Cape Town - President Cyril Ramaphosa has insisted that there will be funds available for the procurement of vaccines once they start arriving in the country.
This comes as Deputy Minister of Health Joe Phaahla yesterday confirmed the first consignment would be delivered later this month.
Ramaphosa and top six officials met with black business on Tuesday to discuss the Covid-19 crisis. The president said this was a major project and they wanted to vaccinate 40 million people.
He said the issue of finances would not be a problem as the issue of fighting Covid-19 was a priority. The government has not indicated the cost for the vaccines.
The Department of Health has said it has engaged with pharmaceutical companies producing vaccines including Pfizer, Moderna, Johnson & Johnson and AstraZeneca.
Ramaphosa said there was a push to get the vaccines into the country.
“Today we established the Inter-Ministerial Committee, which will be chaired by the deputy president, but I will chair the first meeting and set processes on the way,” said Ramaphosa.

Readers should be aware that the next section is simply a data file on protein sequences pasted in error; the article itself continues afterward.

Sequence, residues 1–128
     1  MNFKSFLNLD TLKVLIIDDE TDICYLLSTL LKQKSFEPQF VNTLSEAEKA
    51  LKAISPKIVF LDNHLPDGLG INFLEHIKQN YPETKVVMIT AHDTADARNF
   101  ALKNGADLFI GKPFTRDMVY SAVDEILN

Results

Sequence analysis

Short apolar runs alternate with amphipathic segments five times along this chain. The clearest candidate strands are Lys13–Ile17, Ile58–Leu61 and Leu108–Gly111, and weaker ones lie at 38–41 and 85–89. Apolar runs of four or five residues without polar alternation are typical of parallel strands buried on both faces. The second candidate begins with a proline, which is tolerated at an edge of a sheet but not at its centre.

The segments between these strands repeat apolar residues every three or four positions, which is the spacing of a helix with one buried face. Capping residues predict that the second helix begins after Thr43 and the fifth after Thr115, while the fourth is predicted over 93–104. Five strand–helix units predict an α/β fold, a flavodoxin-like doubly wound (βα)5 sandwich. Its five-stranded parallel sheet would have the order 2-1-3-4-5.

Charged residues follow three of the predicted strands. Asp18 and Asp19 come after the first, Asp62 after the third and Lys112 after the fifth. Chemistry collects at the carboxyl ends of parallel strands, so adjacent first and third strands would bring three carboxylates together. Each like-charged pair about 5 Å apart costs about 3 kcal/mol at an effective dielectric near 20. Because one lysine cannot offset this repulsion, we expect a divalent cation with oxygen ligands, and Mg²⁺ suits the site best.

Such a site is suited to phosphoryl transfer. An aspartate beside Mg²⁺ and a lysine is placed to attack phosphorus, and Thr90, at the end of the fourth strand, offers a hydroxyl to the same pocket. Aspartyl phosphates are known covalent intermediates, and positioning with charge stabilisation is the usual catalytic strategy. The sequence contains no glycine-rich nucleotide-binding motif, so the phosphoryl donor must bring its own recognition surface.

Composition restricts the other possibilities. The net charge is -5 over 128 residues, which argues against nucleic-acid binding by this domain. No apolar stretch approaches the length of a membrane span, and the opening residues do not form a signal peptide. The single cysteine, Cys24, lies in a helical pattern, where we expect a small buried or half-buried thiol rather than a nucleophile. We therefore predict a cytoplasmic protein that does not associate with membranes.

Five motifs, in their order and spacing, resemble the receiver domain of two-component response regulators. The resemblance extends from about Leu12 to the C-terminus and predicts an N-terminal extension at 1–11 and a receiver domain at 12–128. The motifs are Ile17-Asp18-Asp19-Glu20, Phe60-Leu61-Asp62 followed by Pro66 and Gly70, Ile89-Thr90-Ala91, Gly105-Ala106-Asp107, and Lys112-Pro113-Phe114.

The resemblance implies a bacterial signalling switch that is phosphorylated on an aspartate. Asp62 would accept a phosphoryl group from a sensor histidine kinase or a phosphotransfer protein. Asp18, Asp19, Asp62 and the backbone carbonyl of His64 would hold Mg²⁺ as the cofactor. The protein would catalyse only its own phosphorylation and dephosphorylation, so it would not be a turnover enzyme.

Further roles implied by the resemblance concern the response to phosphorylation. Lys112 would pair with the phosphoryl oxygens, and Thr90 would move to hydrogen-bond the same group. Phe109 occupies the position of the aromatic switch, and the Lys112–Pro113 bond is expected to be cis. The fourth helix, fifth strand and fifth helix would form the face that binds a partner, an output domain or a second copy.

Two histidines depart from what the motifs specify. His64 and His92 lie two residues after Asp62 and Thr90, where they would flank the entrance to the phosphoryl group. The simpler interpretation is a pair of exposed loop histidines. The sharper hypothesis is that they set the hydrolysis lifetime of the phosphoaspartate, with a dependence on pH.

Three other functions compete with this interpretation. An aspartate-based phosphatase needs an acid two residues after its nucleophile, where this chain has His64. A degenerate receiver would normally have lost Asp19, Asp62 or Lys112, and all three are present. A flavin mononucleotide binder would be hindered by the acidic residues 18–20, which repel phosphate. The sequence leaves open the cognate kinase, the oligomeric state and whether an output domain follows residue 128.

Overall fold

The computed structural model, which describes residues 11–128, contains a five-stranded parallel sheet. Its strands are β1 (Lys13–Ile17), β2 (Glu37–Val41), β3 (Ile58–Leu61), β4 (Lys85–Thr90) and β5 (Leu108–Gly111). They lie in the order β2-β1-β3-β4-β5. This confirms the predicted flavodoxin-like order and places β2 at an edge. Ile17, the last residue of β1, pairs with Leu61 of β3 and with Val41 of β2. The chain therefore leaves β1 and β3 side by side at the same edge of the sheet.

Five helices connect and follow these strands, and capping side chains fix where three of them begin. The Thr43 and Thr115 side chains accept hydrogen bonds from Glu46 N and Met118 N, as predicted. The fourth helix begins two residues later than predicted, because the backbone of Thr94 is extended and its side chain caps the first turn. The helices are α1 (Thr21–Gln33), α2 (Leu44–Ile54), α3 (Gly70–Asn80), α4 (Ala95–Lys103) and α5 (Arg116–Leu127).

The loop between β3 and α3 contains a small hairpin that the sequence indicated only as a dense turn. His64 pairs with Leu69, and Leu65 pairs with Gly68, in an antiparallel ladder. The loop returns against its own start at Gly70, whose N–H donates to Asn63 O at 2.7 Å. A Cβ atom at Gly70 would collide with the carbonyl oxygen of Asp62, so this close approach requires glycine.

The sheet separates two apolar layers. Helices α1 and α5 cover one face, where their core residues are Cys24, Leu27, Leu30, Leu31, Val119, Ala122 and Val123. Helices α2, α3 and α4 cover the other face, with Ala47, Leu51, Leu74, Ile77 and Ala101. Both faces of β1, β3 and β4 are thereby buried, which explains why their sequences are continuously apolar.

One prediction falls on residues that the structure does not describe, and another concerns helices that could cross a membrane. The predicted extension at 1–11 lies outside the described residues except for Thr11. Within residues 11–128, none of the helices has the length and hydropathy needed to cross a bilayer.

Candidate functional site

“Financing is not going to be a problem because we will pay for the vaccines,” he said.
The Solidarity Fund had paid almost R300 million to the Covax facility for the procurement of vaccines.
The department of health has already said many countries have started with the jabs.
Phaahla said the peak of the second wave was beginning to decline after the latest figures.
He said when the second wave hit the country in November, there were more than 18 000 infections a day, but that number had now dropped to less than 10 000 infections a day.
He said from last year the world had been starting to investigate manufacturing a vaccine for Covid-19.
The World Health Organisation and pharmaceutical companies have been involved in these discussions.
South Africa also joined Covax as part of countries that were working on getting supplies of vaccines.
Phaahla said the country would get its first consignment of the vaccine by the end of January.
The department of health has said it wants to start vaccinating the health-care workers. They are targeting 1.25 million health-care workers.
The government wants to also deal with essential workers and other groups on the forefront of the fight against the virus to get the vaccine.
Ramaphosa said it would be a groundbreaking operation as the government want to vaccinate 40 million people later this year. This will be bigger than the 2010 soccer World Cup and the national and provincial elections, said Ramaphosa.